Indian space agency officials are hoping their Big offering would soon benefit the masses and gain popularity in the market.
“The Big we refer to is actually an acronym for Bhuvan, Indian Regional Navigation Satellite System (IRNSS) and GPS Aided Geo Augmented Navigation (Gagan),” A.S. Ganeshan, project director of Gagan, Isro Satellite Centre, told IANS.
On July 13, India launched its satellite-based air navigation services and in the process joined a select group of nations comprising the US, European Union (EU) and Japan having a similar system.
Gagan is meant to provide accurate navigation services over the Bay of Bengal, Southeast Asia, the Indian Ocean, Middle East and African regions.
The system works by augmenting and relaying data from GPS satellites with the help of two augmentation satellites and 15 earth-based reference stations.
The process corrects any anomalies in the position data and gives accurate routes, landing guidance and time saving information to the pilots.
Gagan also fills a vital gap between the EU’s European Geostationary Navigation Overlay Service (EGNOS) and Japan’s Multi-functional Satellite Augmentation System (MSAS) coverage areas.
According to Ganeshan, the objective of Gagan is to establish, deploy and certify satellite-based augmentation system for safety-of-life civil aviation applications in India and this has been completed successfully.
The system is inter-operable with other international satellite-based augmentation system (SBAS) systems like US-WAAS, European EGNOS, and Japanese MSAS, he added.
Apart from the airlines, Isro is in talks with the Indian Railways on the possibility of using Gagan for safety at unmanned railway crossings.
Ganeshan said necessary receivers can be installed on the train engines. As and when the train engine approaches an unmanned level crossing, its hooter is automatically activated to warn the people.
According to Ganeshan, Gagan system should be compulsorily installed in all emergency service vehicles and systems as was done in the West.
He said though Gagan was primarily meant for aviation, it has its usage beyond that sector.
The system can be used for intelligent transportation, maritime, highways, railways, surveying, geodesy, security agencies, telecom industry, personal users of position location applications and others.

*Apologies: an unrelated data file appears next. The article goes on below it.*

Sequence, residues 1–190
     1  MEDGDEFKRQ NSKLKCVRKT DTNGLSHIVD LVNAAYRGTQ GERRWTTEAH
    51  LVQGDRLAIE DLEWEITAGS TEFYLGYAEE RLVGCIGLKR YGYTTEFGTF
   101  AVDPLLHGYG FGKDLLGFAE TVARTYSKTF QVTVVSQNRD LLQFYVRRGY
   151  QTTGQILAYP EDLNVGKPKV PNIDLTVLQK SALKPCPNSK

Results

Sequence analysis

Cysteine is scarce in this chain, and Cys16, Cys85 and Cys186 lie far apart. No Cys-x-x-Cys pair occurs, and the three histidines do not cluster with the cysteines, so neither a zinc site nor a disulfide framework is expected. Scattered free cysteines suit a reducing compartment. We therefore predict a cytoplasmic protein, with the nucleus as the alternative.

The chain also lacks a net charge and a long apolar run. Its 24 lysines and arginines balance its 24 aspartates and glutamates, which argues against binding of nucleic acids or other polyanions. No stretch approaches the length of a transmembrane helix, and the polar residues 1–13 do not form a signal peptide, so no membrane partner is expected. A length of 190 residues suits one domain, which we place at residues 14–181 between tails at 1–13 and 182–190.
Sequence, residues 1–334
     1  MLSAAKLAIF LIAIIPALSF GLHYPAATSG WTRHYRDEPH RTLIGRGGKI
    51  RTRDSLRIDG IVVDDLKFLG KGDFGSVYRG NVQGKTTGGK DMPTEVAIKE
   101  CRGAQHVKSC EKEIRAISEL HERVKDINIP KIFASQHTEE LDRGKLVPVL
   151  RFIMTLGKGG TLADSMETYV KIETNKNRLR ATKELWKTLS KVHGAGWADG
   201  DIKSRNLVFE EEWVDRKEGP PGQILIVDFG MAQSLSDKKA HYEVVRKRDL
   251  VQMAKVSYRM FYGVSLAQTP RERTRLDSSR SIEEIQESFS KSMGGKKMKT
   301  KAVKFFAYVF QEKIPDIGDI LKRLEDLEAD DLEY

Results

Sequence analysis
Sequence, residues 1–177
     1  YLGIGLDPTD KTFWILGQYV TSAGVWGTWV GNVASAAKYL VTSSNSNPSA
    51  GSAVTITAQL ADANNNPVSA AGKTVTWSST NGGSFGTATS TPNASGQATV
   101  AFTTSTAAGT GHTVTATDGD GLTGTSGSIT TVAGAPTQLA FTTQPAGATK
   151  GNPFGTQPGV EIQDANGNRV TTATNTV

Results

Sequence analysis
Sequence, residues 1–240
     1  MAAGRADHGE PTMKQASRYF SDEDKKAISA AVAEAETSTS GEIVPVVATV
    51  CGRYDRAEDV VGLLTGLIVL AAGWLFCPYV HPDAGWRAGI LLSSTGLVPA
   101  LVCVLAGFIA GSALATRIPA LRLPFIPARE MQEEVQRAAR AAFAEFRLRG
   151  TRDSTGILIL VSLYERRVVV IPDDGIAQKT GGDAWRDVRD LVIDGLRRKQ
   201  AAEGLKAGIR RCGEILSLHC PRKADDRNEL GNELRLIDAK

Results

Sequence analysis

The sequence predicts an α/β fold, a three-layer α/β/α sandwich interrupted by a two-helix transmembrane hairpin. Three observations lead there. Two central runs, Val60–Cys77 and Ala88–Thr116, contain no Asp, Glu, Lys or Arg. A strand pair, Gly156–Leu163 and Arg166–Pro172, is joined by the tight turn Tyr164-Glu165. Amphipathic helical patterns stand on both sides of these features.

Isro will also hold an end-user summit where it will display the system to other industries in September.
The system is now operational. The payloads in GSAT-8 and GSAT-10 satellites are providing the signals and the third satellite with Gagan payload will be on GSAT-15 to be launched later this year, Ganeshan said.
While Gagan redefines navigation over Indian airspace, Indian Regional Navigation Satellite System (IRNSS) shall provide independent and self-reliant satellite-based navigation services over Indian region, he added.
Simply put, the IRNSS is the Indian equivalent of global positioning system (GPS) of the US.
However, the coverage of IRNSS is India and 1,500 km around the Indian landmass.
The IRNSS will provide two types of services – standard positioning service and restricted service. The former is provided to all users and the latter is an encrypted service for authorised users.
India has launched four IRNSS satellites till date, and the Indian space agency has demonstrated the proof of its concept.
The full navigation system consists of a constellation of seven satellites. The remaining three are expected to be launched by Isro soon.
According to Ganeshan, the full navigation services are expected to be offered mid-2016 onwards.
On the other hand, Bhuvan is a web-based geographic information system (GIS), offering 2D and 3D imagery of Indian locations.
Last month, union Water Resources Minister Uma Bharti launched the Bhuvan Ganga Mobile Application that would enable people to shoot pictures of polluted area along the Ganga with their Android phones.
The pictures can be sent to the National Mission for Clean Ganga server for necessary action.